Honoring the Future Launches Student Climate Art Mosaic

Honoring the Future® today launched the first installment of a national digital Climate Art Mosaic of student art expressing concerns, hopes, and ideas about climate change.

Students from Philadelphia’s Mishkan Shalom Synagogue School, the Hialeah, FL Educational Academy, and Martha’s Table School in Washington, DC each created a tile for the mosaic answering the question, “What do you want to tell the world about climate change?”
 

Martha's table City of Hialeah Educational Academy Student Art on Climate Change | Mishkan Shalom Synagogue School
Courtesy of students in Philadelphia, Hialeah, FL, and Washington, DC.

 

Many students also wrote an artist’s statement explaining their thinking. Statements ranged from the emphatic – “We. Need. Trees.” – to the determined: “We need to take care of this and once and for all end this so our animals won’t suffer because of our actions.”  They reflected modern culture: “Saving the planet is more important than posting selfies.” They exuded hope: “My tile is what I want the world to be: Peace. Peace for everyone and everything.  Help make that peace.  Together.”  And they radiated enthusiasm: “This project was one of the most fun projects EVER.”

Honoring the Future published photographs of each student’s work, along with their artist’s statement, in an online digital mosaic, which will expand with contributions from students in other communities.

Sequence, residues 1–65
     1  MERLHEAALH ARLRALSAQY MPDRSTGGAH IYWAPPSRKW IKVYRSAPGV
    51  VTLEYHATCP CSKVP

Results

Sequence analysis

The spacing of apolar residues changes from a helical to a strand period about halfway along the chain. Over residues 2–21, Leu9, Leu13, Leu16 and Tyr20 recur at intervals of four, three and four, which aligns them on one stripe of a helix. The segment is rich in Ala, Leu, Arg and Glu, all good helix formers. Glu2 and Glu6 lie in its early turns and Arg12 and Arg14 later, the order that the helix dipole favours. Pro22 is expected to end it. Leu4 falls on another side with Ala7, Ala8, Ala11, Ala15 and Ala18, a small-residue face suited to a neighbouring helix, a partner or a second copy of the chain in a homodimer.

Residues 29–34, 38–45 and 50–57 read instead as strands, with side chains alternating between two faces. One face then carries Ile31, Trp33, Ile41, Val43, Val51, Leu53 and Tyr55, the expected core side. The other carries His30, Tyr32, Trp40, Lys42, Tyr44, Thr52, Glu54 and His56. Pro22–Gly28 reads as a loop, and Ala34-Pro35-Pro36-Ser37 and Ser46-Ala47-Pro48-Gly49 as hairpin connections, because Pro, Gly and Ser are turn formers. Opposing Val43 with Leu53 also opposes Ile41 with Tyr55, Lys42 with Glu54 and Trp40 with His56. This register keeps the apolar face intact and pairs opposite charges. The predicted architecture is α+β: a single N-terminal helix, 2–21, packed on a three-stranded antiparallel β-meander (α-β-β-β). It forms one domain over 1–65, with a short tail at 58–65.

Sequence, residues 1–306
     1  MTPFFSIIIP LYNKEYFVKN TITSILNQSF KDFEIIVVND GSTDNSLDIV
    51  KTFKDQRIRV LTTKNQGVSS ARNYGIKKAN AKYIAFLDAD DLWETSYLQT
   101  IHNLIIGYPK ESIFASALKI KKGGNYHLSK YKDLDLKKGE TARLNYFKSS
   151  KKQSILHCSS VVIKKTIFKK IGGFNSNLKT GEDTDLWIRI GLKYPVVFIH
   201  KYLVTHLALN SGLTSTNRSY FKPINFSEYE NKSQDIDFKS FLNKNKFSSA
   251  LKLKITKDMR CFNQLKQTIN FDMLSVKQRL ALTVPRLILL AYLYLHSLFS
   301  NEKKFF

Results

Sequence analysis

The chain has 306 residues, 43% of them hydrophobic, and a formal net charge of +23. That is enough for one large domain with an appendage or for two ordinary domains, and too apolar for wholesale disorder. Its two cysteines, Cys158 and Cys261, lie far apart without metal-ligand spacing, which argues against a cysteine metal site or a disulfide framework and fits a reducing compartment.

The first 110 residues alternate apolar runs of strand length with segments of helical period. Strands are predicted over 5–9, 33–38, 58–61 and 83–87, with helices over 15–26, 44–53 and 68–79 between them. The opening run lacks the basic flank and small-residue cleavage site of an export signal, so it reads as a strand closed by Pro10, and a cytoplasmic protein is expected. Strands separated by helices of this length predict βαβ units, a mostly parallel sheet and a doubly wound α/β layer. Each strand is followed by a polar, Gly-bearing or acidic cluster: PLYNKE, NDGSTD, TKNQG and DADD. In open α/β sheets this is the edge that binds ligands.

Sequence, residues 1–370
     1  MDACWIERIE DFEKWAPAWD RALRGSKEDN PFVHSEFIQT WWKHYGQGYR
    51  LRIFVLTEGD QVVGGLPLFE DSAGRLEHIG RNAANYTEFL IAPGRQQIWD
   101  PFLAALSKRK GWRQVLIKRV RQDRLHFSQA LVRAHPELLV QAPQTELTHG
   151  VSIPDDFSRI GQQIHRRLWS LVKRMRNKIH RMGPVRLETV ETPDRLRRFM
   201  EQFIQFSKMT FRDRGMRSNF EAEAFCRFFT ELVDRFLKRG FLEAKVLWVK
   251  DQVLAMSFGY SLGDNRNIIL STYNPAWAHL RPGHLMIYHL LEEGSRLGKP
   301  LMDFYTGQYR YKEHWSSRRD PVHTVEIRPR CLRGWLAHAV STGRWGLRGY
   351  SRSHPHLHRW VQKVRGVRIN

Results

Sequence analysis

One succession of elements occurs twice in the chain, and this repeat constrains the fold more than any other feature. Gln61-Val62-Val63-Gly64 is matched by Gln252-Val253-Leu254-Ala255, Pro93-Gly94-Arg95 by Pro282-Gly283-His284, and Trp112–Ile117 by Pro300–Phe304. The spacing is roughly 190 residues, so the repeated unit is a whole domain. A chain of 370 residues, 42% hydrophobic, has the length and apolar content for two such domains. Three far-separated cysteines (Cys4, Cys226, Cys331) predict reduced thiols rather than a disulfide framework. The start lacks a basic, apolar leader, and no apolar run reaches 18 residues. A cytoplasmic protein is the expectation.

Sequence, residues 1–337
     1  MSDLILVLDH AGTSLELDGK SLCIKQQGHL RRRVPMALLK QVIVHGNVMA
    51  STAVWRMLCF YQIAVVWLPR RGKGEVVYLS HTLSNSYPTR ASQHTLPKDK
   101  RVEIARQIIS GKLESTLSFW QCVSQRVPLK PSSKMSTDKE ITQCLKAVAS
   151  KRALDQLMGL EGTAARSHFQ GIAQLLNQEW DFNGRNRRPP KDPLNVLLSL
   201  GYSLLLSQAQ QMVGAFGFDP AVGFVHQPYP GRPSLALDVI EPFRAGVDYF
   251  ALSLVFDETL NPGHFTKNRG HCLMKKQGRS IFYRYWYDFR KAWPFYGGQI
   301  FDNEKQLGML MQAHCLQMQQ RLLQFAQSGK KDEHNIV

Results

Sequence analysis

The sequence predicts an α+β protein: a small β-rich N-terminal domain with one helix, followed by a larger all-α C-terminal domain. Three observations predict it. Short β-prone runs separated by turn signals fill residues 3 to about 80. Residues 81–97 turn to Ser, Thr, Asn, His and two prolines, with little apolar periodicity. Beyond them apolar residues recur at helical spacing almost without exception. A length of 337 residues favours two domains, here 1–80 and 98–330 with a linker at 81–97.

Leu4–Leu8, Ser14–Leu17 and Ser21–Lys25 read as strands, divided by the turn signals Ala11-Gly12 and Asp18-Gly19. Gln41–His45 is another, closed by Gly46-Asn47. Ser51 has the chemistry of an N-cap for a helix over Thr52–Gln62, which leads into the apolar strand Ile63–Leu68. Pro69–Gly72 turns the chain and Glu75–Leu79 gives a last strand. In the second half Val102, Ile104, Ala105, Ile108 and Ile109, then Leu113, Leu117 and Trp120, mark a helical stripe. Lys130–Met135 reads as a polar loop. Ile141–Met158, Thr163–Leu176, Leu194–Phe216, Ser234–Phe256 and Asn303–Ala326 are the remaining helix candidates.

“Our energy and lifestyle choices will have a huge impact on our young, so it is important that decision-makers hear from students,” said Fran Dubrowski, Director of Honoring the Future.  “The mosaic empowers students to add their voices – through visual and language art – to our national conversation on climate change.”

The mosaic teaches students to be good citizens.  “Honoring the Future exposed our students to the art form of ceramics, as well as the concept of social activism, teaching children how to speak out about causes that matter to them most and make a difference in their communities,” said John Cahill, a Lead Teacher at Martha’s Table School.

The mosaic also demonstrates the value of collaboration and shows how individuals can contribute to climate solutions. “As the mosaic grows with contributions from across the nation, it can inspire hope that we will come together to address climate change and make daily lifestyle choices which advance climate solutions,” Dubrowski added.

Teachers who would like their students to participate in the mosaic can contact Honoring the Future at info@honoringthefuture.org.